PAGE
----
Suzanne Mann has been a dental hygienist for 45 years. She has licenses in Wisconsin, Colorado and Hawaii. Suzanne and her husband Charles moved to Payson, Illinois seven years ago. About a year ago Suzanne applied for a license in Illinois. She saw three ads in the local newspaper from dental offices looking for a hygienist. The Illinois dental board told her that she could not have a dental hygiene license because she had not worked 36 months out of 60 months. She went to Springfield to talk to the dental board.
“I drove 180 miles round trip dressed to the professional nines. They told me I could not have a hygiene license.” Suzanne said. “What? I am not leaving here without my license.” Suzanne told them.
Recently she received a letter stating that she had 30 days to appeal it with an attorney but not to contact the board anymore. “I can’t pull together the 36 months out of 60 between Colorado and Wisconsin. They are willing to let a newbie work right away out of school” Suzanne stated.
"My last gig was a 14 week fill in South Fork, Colorado. It was July through October. Last winter my husband was sick and I did not work the winter of 2009. Prior to that I filled in for eight months in Denver. I have worked in 60 dental offices over the years" Suzanne said.
“I got about four or five letters that the dentists had sent to the board for me” She had asked the board about them. “It was nice because it was like having your eulogy read before you are dead. I read them and thought oh my gosh they thought I was really good. I asked six dentists that were my favorites to write these letters. “ Suzanne said.
“I usually get a job in October in Colorado. We may go up to Wisconsin next week” Suzanne stated.
Suzanne’s husband owned Charlie's Drive-In for 40 years. Her kids run it now. It is in Hortonville, Wisconsin. “My daughter pays me 10 dollars an hour and my boss in Colorado is paying me 42 dollars an hour” The drive in has car hops and classic car nights. They had a hearse club come one night. “Dead Elvis was waiting on them.” Suzanne said. Her son dresses up as Elvis for customers for special events. “My son looks so authentic. He doesn‘t shave his sideburns anymore” she said.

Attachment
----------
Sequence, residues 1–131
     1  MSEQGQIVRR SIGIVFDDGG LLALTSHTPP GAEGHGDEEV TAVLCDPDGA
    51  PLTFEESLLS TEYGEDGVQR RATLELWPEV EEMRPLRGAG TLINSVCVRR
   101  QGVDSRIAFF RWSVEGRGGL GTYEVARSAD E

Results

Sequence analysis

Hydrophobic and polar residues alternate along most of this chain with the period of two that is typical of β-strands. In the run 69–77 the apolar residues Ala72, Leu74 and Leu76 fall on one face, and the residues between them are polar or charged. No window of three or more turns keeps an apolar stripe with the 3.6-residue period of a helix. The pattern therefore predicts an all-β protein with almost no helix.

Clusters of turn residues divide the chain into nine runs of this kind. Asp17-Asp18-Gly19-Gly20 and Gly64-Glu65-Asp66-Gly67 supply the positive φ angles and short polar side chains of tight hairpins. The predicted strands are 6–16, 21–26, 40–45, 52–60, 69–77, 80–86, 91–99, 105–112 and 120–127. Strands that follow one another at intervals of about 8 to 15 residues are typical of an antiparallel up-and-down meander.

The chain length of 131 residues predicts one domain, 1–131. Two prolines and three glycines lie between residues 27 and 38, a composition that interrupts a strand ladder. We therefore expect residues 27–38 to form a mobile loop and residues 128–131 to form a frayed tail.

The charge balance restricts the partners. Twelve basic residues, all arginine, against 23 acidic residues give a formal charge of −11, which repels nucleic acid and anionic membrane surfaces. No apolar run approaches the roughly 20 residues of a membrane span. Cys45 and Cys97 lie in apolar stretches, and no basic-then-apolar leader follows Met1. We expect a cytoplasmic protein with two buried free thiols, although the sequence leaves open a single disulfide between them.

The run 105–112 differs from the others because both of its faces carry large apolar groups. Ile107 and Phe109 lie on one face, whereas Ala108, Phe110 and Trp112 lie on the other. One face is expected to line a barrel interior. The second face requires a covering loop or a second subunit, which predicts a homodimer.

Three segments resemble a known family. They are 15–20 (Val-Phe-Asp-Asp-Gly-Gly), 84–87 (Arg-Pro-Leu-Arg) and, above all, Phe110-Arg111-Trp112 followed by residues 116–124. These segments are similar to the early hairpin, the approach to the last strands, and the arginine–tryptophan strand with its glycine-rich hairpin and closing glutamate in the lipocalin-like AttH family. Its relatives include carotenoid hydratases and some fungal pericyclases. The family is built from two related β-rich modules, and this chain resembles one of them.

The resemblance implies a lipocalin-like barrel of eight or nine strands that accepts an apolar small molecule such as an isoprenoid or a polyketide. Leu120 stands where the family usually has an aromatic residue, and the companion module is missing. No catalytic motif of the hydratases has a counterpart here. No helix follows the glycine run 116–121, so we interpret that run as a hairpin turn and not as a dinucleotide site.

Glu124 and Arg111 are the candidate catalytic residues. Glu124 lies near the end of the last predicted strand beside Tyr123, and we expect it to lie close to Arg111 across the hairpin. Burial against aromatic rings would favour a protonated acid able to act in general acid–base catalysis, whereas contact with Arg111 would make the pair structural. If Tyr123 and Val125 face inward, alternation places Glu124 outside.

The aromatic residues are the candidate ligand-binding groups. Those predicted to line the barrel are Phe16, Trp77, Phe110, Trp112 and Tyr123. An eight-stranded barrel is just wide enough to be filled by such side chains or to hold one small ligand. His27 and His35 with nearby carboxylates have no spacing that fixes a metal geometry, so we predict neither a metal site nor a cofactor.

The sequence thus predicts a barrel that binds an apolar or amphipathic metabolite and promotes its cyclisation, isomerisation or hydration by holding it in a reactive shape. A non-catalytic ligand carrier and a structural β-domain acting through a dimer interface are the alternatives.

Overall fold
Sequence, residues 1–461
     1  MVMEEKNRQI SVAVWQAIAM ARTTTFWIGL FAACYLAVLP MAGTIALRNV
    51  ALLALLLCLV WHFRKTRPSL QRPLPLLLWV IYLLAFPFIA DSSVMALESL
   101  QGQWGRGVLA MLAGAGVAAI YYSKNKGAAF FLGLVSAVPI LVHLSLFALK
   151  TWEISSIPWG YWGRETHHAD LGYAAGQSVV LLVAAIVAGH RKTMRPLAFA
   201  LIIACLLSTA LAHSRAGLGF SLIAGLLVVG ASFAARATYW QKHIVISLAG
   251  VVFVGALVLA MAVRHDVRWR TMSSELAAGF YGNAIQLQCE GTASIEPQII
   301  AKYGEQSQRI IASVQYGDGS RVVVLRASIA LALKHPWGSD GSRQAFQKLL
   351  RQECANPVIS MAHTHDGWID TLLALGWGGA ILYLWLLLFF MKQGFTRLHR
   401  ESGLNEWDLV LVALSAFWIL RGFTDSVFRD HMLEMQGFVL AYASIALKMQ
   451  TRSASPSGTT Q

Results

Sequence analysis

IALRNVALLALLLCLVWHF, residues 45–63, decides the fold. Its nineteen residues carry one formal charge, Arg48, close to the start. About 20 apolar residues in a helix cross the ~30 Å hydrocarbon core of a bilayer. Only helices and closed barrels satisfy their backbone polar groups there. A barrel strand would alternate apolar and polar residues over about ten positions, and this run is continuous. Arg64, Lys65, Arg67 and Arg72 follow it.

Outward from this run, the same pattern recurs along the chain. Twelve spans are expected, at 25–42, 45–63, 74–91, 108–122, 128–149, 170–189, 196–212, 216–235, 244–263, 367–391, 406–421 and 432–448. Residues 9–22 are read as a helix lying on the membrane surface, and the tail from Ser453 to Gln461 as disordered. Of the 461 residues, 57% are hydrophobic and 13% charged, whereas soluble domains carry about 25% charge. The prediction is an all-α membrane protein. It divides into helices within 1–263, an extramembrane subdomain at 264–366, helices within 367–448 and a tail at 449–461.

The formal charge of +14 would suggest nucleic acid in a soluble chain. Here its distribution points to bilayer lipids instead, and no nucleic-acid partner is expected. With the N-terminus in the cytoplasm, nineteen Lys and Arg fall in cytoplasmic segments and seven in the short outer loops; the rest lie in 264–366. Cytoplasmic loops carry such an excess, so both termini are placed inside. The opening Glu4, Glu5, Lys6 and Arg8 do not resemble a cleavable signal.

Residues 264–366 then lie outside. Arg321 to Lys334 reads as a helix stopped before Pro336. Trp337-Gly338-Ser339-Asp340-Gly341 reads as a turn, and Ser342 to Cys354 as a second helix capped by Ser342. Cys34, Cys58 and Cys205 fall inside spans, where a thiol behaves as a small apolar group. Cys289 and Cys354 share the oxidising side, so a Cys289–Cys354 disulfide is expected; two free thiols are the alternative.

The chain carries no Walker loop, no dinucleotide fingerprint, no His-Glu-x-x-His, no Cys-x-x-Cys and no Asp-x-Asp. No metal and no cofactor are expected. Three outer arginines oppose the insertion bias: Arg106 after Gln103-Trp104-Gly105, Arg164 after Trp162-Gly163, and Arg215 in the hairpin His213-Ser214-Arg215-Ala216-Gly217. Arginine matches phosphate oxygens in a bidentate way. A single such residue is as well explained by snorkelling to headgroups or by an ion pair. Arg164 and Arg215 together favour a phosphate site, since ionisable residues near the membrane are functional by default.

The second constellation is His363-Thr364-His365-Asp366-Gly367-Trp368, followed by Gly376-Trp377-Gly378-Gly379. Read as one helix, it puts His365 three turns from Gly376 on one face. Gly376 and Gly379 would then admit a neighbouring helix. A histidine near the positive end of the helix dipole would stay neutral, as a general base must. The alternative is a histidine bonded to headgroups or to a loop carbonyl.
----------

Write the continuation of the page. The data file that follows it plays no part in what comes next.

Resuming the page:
She talked about how people really love the drive in. “Some people have tears coming down their face when they see the car hops and the drive in. It brings back memories for them” she stated.
Suzanne discussed why she chose dental hygiene. “ I couldn’t have fallen into a better job. When you are temping you meet new interesting patients all the time. I graduated in a day when you were either a teacher or a nurse. Teaching just didn’t appeal to me. At the time I thought I wanted to go into the military. The high school counselor said only women with loose morals go into the military. I was a squeaky clean Catholic girl. Anything that would look like I was a loose Catholic girl would have kept me out of the military” she said.
Suzanne thinks something needs to be done about reciprocity between states for dental hygienists. “There is no national licensing. I think a lot of hygienists are just sitting on their hands on this” Suzanne continued. “I wasn’t going to go to the trouble of lining up a patient again. I have done that three times in Colorado, Wisconsin and Hawaii. I am 66 years old. It is hard on your body. If you have your loupes and lights and not working 40 hours a week then you will do okay”
Suzanne talked about how when she went to Marquette and graduated in 1964. She said that at the time it was the only dental hygiene school in Wisconsin. “Now of course you have two hygiene schools 40 minutes apart in Appleton and Green Bay. I think the market is saturated.” she stated.
She discussed what it takes to be a dental hygienist and how you have to have the right personality for it. “You have to love science, health and love the teaching aspect of it. If you are doing it for the dollars, what a killer of a job!” Suzanne exclaimed. “When I came out I was making two dollars and fifty cents an hour in Appleton. The big money makers were the guys in the paper mills and I thought I was doing well because I was making more money than they were. I didn’t have the benefits of course but I was young and it didn’t matter.”
One day the state of Illinois might grant Suzanne a dental hygiene license. She may have to work for 36 consecutive months in order to do that. Suzanne commented about her meeting with the Illinois officials.“The face to face was like an IRS audit where nothing mattered except those missing work months” Suzanne concluded.
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